The Good Samaritan Law was formed in assistance with the Ministry of Road Transport and Highways of India to offer protection and support to bystanders who rush to help road traffic victims.
What is the goal of RoadPeace?
The central goal of RoadPeace is to change the attitude of society and the judiciary towards road traffic victims. It is inspired by Founder Brigitte Chaudhry’s personal experience of seeing her son’s treatment as a ‘third-class victim’ and the dismissal of his death as trivial.
Which country has the highest road traffic fatalities?
India has the highest road traffic fatalities, with over 450,000 road crashes reported each year. Although it accounts for only 1% of the world’s vehicles, 11% of road accidents happen on Indian roads.
How To Observe World Day of Remembrance for Road Traffic Victims
Organize a memorial for the road traffic victims of your community
There’s a good chance that a bereaved family lives in your community. On the third Sunday of November, you can bring people together to uplift the grieving family and surround them with love, care, and camaraderie.
Acknowledge the crucial work of emergency service providers
With their swift and diligent work, first responders and emergency service providers have saved countless lives and prevented many disabilities. On World Day of Remembrance for Road Traffic Victims, throw a soiree in their honor.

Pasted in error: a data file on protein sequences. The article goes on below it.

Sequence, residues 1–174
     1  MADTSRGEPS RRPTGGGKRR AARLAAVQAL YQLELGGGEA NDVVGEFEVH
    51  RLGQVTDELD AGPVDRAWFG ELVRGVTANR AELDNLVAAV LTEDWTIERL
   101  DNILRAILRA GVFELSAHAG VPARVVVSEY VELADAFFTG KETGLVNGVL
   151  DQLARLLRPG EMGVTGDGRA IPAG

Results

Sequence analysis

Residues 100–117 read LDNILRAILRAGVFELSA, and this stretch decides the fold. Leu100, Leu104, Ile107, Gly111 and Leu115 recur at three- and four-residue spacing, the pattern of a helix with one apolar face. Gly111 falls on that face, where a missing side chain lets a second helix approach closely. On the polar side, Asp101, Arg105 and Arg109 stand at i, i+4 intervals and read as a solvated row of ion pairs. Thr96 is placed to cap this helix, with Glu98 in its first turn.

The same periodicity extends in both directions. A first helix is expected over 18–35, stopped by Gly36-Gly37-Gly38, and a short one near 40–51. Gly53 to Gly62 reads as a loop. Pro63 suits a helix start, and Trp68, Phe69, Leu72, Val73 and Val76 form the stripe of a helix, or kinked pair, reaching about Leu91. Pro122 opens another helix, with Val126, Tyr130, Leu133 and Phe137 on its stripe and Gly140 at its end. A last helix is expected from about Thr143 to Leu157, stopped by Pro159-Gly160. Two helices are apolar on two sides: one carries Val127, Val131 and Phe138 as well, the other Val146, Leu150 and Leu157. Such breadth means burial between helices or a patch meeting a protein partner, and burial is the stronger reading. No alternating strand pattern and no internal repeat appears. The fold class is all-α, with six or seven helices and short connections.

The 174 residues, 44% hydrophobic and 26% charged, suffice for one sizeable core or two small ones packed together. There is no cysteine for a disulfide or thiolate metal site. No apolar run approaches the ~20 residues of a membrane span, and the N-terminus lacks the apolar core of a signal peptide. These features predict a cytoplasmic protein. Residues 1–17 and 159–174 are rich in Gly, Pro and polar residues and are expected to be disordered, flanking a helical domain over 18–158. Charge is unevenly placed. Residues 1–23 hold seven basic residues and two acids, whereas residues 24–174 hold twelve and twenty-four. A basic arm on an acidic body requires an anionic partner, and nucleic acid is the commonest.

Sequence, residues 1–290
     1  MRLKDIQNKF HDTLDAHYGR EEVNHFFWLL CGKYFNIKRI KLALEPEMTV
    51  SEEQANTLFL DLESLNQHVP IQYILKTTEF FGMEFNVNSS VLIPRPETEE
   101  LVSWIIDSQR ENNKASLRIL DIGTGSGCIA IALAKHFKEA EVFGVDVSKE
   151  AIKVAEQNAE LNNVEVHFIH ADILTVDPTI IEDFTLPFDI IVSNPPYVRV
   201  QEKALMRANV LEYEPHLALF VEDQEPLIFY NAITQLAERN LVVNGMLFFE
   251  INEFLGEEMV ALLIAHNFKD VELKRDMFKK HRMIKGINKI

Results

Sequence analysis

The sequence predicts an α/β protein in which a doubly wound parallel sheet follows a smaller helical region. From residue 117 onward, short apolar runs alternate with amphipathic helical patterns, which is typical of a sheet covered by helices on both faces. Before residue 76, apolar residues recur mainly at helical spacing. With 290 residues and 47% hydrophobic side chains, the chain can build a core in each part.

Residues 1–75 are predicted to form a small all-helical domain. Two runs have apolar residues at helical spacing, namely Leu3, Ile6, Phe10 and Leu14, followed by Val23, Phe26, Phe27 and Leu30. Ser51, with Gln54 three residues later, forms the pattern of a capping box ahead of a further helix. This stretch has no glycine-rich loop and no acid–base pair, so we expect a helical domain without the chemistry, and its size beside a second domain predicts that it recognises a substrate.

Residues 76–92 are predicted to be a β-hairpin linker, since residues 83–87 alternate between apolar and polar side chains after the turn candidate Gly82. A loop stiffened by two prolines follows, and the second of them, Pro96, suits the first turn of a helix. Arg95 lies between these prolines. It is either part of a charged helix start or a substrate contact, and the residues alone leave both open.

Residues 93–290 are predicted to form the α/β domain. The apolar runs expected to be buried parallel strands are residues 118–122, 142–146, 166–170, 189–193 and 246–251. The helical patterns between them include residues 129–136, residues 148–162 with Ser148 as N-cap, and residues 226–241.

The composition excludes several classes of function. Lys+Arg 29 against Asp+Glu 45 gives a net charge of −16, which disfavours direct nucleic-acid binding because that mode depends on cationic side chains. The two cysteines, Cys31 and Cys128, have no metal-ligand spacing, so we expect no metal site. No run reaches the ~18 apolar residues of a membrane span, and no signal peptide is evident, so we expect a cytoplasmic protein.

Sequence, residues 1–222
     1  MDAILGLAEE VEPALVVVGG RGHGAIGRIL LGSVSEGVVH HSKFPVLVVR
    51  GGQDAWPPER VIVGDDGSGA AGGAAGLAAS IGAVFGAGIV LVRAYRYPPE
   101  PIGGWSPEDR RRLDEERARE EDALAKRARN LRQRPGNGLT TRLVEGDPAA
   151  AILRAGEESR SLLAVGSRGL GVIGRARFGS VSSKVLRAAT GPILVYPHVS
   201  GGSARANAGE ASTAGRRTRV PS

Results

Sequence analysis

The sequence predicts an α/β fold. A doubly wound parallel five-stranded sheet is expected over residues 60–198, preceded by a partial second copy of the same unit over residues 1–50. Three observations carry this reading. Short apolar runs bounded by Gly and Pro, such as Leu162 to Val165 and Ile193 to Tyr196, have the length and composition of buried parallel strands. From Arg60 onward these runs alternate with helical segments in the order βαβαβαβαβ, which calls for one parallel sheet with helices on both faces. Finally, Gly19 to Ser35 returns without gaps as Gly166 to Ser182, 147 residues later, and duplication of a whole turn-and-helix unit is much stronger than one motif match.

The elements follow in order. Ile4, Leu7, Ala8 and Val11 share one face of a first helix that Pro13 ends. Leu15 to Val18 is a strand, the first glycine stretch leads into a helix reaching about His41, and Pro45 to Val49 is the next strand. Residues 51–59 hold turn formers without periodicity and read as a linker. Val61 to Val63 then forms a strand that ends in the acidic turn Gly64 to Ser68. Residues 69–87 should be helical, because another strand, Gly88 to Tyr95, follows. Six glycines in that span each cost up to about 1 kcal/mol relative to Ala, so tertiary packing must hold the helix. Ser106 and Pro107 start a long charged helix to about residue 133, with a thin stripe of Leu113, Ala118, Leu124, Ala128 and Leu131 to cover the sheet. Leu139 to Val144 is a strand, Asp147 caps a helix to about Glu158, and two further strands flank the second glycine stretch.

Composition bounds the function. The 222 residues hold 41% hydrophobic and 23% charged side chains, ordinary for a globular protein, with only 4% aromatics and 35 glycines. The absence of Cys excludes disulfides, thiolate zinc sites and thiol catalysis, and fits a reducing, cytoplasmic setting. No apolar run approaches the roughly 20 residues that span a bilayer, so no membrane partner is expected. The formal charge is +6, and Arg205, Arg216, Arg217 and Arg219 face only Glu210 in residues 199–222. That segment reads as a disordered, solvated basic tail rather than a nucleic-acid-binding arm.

Promote evidence-based actions to prevent road accidents
Driving within the speed limit, obeying traffic rules, wearing a seat belt/helmet, installing anti-skid brake systems, and using reflectors, are some of the safety measures that you can adopt to minimize road accidents. Share the message within your community.
5 Important Facts About Road Accidents
The 3 D’s of death
Drunk driving, distraction, and disobeying traffic laws are all major propellers of road accidents.
Stay home on Saturdays
The greatest number of car crash deaths have occurred on Saturdays.
Yes to mobile, no to safety
Phone calls while driving can increase the risk of a crash by four times, and texting can increase it by 23 times.
Rest saves lives
Fatigued and sleepy drivers are responsible for 20% of all road crashes.
Safety accessories are good, actually
Helmets can decrease the mortality risk by 40%, whereas seat belts can reduce the risk of severe injuries by 61%.
Why World Day of Remembrance for Road Traffic Victims is Important
It sheds light on the enormous impact
More than 1.3 million people are killed on the road each year. The World Day of Remembrance for Road Traffic Victims brings attention to the mind-boggling number of preventable deaths each year and the lack of response from the governing bodies of most countries.
It advocates for an end to the carnage
RoadPeace believes that proper awareness, appropriate training, and access to safety accessories can save many lives. The third Sunday of November campaigns for the availability of these tools to the greater public.
It encourages support for the affected families
Road deaths are violent, traumatic, and most of all, very sudden. The #WDoR community comforts the bereaved family members confronted with the inappropriate, inadequate, and often unsympathetic response from society and the government.
World Day of Remembrance for Road Traffic Victims dates